As capital markets are becoming more mature in several European countries, the new challenge for startups is securing talent. Still, remote working, business solutions and upcoming EU policies could disrupt the landscape.
The situation for accessing funding has changed for European startups, as the financial markets have become more mature, and venture capital (VC) is moving from the saturated American market to Europe.
“Access to capital is very good,” Kalle Palling, co-founder of Cachet, told EURACTIV, noting that the government closed its venture capital fund in Estonia because the market was mature enough.
Public funds are also increasingly available, although they usually come in later, complementing private investments and allowing companies to raise more money and scale up faster.
“They follow, they are not leading the investment,” said Simon Foucher, CEO at Numerized.com.
Access to talent
While accessing capital for the European tech sector is becoming less problematic, a new challenge arises in accessing talent.
“The United States came shopping for talent in Europe, now Europe is looking even more East,” stressed Marco Soares, CEO at Proofmarked.com.
Kostiantyn Zagranovskyi, CEO at CapitalView, is a case in point. Some years ago he moved from Ukraine to the Netherlands for a job as a tech specialist and he has now opened his own company.
“Ukraine currently grows very skilled people in the tech field, and a big part of them moves to the US or to Western Europe,” Zagranovskyi said.
However, the inflow of skilled workers does not seem sufficient to fill the long-standing shortage of skilled labour for European businesses, according to a recent survey from Eurochambers.
Improved access to capital means that startups are better able to pay for talent. However, they face fierce competition from large tech companies that pay better and are also more stable and prestigious.
“It’s challenging as a small startup to get talent when Facebook is hiring as well,” said Nicholas Gorman, CEO at SafeScore.
Soares of Proofmarked.com, notes that remote work might increase the attractiveness of startups, as large companies tend to be more conservative in providing flexible working conditions.
Nonetheless, Soares stresses that hiring developers remotely is administratively very complex. “Tax-wise, it is a nightmare,” he emphasised.
Business solutions have been developing in this sense. Remote, a Portuguese startup that has recently surpassed $1 billion in market capitalisation, offers international payroll, taxes, and migration services.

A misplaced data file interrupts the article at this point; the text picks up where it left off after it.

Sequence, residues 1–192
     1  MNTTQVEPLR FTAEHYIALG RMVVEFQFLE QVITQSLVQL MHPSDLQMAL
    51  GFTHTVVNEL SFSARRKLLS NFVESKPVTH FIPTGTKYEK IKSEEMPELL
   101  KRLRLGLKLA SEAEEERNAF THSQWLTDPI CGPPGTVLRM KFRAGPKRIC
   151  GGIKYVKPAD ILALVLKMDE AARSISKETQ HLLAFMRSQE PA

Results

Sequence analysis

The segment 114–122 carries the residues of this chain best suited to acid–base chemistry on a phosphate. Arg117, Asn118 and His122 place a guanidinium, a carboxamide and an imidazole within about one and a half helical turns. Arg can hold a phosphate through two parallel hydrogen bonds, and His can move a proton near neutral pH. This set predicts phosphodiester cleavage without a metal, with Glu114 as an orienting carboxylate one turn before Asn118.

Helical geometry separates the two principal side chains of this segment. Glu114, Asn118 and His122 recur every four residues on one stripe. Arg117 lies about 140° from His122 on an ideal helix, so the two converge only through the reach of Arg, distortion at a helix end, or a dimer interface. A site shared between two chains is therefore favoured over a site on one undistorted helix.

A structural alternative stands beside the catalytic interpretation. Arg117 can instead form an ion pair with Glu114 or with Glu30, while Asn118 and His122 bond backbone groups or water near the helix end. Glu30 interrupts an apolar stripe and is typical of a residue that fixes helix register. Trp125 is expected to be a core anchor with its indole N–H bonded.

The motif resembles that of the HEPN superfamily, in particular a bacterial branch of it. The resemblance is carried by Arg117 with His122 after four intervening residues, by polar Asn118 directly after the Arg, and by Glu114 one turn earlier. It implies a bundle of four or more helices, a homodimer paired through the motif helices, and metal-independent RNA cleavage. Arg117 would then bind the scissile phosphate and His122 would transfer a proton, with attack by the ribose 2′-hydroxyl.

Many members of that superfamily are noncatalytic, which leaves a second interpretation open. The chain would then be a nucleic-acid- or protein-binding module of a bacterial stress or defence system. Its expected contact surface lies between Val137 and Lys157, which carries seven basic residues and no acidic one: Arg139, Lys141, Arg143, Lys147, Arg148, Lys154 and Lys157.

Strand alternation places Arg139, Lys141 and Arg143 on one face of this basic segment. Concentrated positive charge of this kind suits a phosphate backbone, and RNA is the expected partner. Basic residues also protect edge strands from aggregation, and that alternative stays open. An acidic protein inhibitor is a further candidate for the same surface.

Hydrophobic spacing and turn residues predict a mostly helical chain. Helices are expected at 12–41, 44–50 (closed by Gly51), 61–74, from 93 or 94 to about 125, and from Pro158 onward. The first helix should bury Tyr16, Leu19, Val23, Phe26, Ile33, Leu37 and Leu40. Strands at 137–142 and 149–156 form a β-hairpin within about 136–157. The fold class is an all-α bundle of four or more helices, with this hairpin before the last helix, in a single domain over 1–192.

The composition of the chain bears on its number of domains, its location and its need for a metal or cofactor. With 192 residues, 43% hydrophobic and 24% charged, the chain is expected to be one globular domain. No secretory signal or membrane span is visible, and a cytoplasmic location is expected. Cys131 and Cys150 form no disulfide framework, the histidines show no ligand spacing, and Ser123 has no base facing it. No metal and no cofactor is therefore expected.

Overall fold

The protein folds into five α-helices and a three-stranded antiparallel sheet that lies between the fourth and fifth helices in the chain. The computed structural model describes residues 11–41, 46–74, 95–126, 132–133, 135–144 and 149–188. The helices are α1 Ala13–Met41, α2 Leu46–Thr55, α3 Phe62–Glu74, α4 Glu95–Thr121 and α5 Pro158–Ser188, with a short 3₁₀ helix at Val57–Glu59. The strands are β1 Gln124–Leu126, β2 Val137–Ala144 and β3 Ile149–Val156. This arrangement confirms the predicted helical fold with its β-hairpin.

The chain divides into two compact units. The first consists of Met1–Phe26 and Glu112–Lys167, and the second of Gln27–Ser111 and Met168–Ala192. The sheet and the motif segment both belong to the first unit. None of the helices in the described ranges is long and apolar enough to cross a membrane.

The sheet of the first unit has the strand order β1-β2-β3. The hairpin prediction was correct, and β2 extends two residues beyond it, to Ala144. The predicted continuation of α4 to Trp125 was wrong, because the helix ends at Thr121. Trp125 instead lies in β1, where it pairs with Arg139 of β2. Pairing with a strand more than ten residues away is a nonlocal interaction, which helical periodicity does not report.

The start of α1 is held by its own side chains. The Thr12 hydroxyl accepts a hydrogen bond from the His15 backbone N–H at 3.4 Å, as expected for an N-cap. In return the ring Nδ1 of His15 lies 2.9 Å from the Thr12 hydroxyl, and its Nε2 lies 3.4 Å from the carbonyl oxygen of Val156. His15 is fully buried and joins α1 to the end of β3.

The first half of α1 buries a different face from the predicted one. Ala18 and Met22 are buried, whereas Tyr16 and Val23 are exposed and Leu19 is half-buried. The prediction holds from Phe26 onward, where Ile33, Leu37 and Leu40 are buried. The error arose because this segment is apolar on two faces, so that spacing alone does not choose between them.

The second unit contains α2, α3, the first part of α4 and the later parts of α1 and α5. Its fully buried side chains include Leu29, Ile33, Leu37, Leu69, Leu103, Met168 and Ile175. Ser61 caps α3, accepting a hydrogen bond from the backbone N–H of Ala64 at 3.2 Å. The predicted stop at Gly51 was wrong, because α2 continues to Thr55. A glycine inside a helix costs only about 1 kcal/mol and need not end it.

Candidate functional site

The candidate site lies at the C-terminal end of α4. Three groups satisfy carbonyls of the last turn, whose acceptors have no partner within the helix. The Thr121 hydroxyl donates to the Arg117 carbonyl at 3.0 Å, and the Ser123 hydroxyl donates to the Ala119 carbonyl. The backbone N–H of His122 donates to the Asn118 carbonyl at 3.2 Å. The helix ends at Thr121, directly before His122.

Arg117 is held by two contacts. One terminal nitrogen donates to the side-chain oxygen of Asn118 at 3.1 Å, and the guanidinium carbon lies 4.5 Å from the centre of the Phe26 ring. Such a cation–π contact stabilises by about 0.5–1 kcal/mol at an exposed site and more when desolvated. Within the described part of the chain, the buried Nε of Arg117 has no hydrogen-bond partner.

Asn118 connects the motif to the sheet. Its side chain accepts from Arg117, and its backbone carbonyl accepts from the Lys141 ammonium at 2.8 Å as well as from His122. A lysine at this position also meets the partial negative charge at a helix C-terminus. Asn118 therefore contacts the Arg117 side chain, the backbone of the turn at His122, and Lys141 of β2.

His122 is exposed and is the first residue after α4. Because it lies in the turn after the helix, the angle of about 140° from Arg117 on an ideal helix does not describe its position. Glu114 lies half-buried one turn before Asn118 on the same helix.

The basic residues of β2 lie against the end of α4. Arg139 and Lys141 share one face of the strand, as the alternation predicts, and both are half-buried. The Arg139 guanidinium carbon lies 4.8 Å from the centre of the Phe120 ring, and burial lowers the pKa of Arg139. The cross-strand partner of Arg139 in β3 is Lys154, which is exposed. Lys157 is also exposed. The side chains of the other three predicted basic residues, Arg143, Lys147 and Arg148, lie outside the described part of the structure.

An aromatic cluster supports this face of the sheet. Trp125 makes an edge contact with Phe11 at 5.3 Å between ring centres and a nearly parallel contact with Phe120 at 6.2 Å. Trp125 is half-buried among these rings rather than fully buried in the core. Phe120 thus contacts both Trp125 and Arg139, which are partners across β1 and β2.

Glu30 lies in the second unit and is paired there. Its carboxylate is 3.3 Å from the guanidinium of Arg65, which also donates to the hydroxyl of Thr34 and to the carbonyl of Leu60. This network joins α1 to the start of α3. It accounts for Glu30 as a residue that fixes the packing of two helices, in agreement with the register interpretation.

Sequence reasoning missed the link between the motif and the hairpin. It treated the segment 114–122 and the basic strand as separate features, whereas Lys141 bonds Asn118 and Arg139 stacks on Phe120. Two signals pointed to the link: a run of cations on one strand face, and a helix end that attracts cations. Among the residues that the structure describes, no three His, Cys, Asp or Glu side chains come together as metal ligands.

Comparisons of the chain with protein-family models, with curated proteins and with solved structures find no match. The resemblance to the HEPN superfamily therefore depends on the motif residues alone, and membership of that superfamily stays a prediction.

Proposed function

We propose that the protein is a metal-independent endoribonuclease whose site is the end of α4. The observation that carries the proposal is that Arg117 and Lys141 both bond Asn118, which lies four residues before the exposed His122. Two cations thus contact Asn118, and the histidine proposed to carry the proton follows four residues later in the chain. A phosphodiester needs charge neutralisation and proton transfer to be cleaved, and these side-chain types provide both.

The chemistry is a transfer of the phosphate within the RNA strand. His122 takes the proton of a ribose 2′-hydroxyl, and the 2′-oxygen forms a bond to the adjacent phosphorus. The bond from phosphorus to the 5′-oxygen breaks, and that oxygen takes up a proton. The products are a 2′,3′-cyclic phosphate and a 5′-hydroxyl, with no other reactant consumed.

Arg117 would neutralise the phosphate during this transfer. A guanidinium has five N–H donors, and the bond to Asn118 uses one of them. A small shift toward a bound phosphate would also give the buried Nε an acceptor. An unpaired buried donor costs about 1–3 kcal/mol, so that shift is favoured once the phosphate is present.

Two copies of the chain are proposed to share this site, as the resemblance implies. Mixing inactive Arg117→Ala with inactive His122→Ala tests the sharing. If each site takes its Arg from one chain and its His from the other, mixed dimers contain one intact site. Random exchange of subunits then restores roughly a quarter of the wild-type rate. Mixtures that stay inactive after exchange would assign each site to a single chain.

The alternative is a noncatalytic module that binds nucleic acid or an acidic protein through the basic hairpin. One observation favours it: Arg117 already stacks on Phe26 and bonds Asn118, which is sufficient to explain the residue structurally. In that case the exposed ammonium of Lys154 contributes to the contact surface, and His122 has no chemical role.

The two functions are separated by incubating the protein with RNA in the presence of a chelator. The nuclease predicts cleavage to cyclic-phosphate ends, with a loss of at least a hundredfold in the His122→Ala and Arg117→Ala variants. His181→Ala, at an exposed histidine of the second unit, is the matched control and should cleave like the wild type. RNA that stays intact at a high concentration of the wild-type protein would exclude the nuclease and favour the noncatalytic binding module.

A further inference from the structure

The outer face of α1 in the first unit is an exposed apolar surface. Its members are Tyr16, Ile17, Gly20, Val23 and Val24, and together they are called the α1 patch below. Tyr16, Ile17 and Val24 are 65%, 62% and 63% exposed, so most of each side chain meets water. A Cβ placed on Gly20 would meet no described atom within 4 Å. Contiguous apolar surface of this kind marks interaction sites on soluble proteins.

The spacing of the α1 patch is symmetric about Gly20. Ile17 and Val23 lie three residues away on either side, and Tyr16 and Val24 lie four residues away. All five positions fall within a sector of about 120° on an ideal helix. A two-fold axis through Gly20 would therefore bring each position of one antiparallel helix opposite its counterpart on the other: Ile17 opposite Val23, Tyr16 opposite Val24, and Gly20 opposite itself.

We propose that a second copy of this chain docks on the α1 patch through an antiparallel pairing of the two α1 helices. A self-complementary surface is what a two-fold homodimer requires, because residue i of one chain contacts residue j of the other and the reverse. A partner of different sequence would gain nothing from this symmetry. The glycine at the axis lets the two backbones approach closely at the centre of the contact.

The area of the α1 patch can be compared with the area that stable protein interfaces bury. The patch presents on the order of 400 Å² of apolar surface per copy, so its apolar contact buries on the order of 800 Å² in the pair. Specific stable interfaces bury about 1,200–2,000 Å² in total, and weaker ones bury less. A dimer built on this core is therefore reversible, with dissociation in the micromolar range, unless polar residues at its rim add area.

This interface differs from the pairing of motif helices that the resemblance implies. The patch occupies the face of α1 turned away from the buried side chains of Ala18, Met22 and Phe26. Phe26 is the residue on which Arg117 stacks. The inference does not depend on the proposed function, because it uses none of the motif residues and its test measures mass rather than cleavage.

Digital skills startups
Remote is only one example of a tech company turning the digital skill gap into a business opportunity. Smartive, an Italian startup, provides targeted training to upskill and reskill a company’s workforce based on a digital assessment of employees’ talents.
“We like to accompany people in the digital transformation, not only with technological tools but also with a cultural change,” explained Elena Butti, Smartive’s transformative journey specialist.
01talent, a company specialising in digital education, attempts to develop local solutions for addressing the lack of ICT experts.
“There’s about 4.5 million developers shortage in the world. We have a solution that can bring 1 million coders in the next 10 years,” said 01talent’s COO David Sultan.
The company establishes schools in collaboration with local partners and identifies talent based on a selection process. The selected participants receive a training free of charge, concluded which they are directly employed by a partner organisation.
“Once the tenants start to work, it’s sustainable if it makes some profit. With one school, you can create two schools, it is an exponential and viral model,” Sultan added.
At the same time, a great obstacle to accessing talent are the limits to international mobility. “Fortress Europe does not help with that,” said Mehemed Bougsea, CEO at Think-it.
Think-it is a collective of software engineers that promotes the matchmaking of highly-skilled workers, mainly from Northern Africa to the European market. However, Bougsea notes that the EU visa policy makes their very life complicated.
However, the situation is due to improve following the revision of the Blue Card Directive, a proposal to enhance the entry conditions for highly-skilled workers from non-EU countries that was approved last month.
The main changes include immediate family reunification, intra-EU mobility after one year, recognition of three years of IT experience as equivalent to a formal qualification, and simplification of the procedures to access long-term residency status.
“If we want to attract talent to Europe, we need to be attractive,” said Damian Boeselager, one of the MEPs that helped shape the proposal.
EU lawmakers also launched the idea for an EU talent pool, a matchmaking platform based on an expression of interest model. The proposal is expected to be included in the Talent and Skills Package that the Commission will present early next year.
[Edited by Alice Taylor]